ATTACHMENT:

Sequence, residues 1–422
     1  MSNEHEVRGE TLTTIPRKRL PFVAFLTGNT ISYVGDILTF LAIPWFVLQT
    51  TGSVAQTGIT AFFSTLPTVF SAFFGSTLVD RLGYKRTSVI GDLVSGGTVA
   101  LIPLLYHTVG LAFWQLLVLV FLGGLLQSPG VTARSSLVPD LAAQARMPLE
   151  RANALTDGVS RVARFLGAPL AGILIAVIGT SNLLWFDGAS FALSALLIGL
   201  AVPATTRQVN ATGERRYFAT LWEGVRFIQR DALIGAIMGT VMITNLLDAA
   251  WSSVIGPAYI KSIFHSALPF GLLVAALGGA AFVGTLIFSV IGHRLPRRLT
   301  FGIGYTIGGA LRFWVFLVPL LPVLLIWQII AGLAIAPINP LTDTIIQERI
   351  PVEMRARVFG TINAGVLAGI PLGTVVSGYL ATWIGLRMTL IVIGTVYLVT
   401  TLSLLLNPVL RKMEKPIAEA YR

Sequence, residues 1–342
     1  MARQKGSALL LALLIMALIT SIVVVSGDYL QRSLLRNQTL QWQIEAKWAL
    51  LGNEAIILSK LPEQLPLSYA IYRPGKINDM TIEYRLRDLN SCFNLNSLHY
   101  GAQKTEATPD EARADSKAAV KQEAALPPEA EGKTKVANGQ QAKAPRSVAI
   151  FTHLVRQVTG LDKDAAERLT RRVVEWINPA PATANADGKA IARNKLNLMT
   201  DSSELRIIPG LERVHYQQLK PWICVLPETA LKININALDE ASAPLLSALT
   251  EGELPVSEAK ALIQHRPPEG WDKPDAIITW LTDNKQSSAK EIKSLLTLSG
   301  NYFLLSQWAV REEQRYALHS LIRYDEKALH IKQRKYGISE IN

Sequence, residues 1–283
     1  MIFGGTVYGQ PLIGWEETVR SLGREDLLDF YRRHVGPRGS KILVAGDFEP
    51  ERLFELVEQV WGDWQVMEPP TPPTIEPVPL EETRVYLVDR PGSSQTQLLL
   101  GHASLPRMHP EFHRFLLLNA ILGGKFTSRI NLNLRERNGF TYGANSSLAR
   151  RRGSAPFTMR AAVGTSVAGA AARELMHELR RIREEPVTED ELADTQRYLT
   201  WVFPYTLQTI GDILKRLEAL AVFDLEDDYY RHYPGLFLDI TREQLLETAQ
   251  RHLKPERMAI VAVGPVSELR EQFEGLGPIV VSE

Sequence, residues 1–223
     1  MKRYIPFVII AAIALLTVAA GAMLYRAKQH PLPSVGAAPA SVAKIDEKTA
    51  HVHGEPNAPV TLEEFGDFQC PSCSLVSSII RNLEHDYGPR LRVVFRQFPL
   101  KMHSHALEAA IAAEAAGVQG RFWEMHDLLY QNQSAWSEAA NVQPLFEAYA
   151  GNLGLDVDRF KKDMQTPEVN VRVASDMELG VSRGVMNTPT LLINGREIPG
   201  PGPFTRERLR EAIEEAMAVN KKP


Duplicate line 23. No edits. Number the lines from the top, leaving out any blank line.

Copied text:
   151  RRGSAPFTMR AAVGTSVAGA AARELMHELR RIREEPVTED ELADTQRYLT